There’s a look, according to Chuck Casey, the curator at the Museum of Pinball, that first time visitors give after stepping into the 40,000 square-foot facility and seeing the rows upon rows of machines.
“As soon as you come in the door, turn that corner and enter the pinball room, you get the biggest smile,” he says. “90 percent of the people who turn that corner, from a 4-year old to a 94-year old – their jaw drops.”
A quick half-hour drive from Two Bunch Palms, the Museum of Pinball is one of the world’s largest collections of playable pinball machines, with units ranging from the origins of the game to limited edition pop culture tie-ins like “Transformers” and “Game of Thrones.” Steeped in nostalgia, the museum offers a total of almost 1,200 playable games (the museum also has a video game wing with around 600 options, from the Pong-style “Hockey” up to today) during its big events.
The Museum of Pinball consists of the personal collection of John Weeks, housed on an 18-acre campus in Palm Springs-adjacent Banning. Weeks, a former arcade owner, began collecting the machines in the 1980s, and is still going – Casey says that he adds four to eight machines to the museum each month.
It’s a process, Casey says, that gets easier as word of the museum spreads. “Attendees also note that they have one and he doesn’t,” he says.
The key to planning a visit is finding a weekend when the museum is open. Powering that many machines at once is a major expense, one not likely to be recouped with everyday play at an arcade at the doorstep of the desert. Events like the museum’s Arcade Expo and Halloween-themed “Pinball Madness” (which this year featured ornate costumes, a haunted house, and a Day of the Dead-themed, on-site wedding) give pinball fanatics a chance to play an unlimited number of games for an admission fee. It was at one of those Expos, in fact, that the museum landed in the record books, with 331 people setting the mark for most simultaneous pinball games in the Guinness Book of World Records.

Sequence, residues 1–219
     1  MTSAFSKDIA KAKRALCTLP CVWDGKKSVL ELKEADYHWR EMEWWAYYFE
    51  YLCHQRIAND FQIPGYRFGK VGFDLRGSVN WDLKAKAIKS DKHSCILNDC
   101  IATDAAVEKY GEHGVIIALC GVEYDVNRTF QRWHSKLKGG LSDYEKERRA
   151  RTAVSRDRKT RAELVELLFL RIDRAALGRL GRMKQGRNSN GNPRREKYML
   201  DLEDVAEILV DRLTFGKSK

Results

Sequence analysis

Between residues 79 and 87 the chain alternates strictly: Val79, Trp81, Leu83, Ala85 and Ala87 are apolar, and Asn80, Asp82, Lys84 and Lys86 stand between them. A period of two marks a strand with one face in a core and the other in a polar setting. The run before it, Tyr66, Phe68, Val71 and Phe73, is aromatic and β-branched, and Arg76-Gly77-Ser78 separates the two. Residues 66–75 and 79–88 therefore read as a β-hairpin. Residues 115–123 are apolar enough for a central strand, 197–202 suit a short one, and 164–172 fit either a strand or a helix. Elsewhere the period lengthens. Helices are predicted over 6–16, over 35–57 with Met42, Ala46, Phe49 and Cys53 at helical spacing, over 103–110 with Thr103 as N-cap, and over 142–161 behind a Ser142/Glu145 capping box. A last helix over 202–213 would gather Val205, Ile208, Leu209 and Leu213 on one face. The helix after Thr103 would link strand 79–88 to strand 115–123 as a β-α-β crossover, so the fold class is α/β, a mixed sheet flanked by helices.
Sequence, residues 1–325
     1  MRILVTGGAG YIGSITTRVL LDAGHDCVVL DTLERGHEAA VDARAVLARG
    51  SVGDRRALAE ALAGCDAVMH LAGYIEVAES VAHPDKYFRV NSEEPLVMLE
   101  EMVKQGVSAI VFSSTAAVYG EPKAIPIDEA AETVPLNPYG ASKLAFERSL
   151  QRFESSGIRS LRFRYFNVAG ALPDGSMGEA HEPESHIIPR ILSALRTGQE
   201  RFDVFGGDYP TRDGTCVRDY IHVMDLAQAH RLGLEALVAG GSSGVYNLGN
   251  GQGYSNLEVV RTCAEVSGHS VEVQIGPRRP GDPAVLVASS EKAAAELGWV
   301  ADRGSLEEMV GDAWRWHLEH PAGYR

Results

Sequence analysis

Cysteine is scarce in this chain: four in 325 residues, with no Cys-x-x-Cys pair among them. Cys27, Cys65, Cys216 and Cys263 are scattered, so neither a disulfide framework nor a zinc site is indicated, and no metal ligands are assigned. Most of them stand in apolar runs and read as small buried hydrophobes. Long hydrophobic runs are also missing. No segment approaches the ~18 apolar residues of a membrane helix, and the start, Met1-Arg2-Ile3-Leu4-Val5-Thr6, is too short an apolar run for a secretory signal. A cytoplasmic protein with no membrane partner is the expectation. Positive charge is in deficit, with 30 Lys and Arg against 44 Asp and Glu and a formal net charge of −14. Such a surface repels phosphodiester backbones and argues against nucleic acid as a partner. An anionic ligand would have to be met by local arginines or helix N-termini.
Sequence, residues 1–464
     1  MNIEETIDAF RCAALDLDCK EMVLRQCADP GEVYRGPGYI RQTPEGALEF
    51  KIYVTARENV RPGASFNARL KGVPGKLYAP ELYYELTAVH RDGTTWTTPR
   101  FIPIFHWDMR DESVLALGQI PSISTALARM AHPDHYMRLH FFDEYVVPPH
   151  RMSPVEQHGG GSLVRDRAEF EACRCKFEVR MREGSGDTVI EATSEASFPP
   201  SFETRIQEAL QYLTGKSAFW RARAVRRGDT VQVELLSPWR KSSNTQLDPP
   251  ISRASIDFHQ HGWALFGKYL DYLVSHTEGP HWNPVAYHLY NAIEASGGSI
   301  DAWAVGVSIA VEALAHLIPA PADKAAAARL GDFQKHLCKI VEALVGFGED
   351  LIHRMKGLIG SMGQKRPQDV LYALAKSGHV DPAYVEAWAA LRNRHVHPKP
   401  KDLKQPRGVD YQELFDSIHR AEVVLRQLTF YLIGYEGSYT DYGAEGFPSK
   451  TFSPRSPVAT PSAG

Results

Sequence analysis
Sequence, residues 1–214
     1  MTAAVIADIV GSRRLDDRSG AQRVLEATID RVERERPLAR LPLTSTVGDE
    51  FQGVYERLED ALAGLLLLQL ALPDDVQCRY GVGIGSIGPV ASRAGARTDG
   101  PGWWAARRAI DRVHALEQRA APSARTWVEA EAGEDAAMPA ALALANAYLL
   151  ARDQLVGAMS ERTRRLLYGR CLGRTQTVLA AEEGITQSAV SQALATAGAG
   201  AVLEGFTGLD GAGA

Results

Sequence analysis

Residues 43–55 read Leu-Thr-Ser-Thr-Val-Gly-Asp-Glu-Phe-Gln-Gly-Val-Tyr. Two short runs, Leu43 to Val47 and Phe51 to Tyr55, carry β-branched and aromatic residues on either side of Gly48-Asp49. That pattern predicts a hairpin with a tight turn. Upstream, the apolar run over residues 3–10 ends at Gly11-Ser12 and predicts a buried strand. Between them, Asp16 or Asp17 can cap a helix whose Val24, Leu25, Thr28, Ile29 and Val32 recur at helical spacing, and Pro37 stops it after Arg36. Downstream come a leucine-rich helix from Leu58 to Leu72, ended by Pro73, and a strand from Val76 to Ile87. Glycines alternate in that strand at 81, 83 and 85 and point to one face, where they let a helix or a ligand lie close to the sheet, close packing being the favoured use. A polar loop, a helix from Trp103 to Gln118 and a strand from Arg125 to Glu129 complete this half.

While piecing together a collection of hundreds of pinball machines is a tough task, keeping the majority of them working at any moment takes a miniature army. More than 80 people have helped Casey as volunteers since May alone.
According to Casey, keeping the fleet of machines working is akin to keeping a fleet of older automobiles functional. “I have one [classic car], and that’s enough,” he says. “540 pinball machines is like having Jay Leno’s garage; you need a team of guys taking care of them, changing oil, and repairing them when they go bad.”
During this year’s “Pinball Madness,” that fight to keep machines operational is occasionally spotted; “mechanics” in red t-shirts walk the floor, looking for games malfunctioning, and intervening where necessary. What’s remarkable is how little it’s necessary. Some of the machines go back 75 years, but operate in largely the same fashion they did when they occupied corners at local malt shops.
It makes for an overwhelming experience for aficionados, one that can tire a pinball player out in the same way that kids used to work off extra energy at the mall arcade.
“I hope they leave exhausted, wanting to come back,” Casey says, “and remembering that moment when they walked in.”
- Story by Robert Spuhler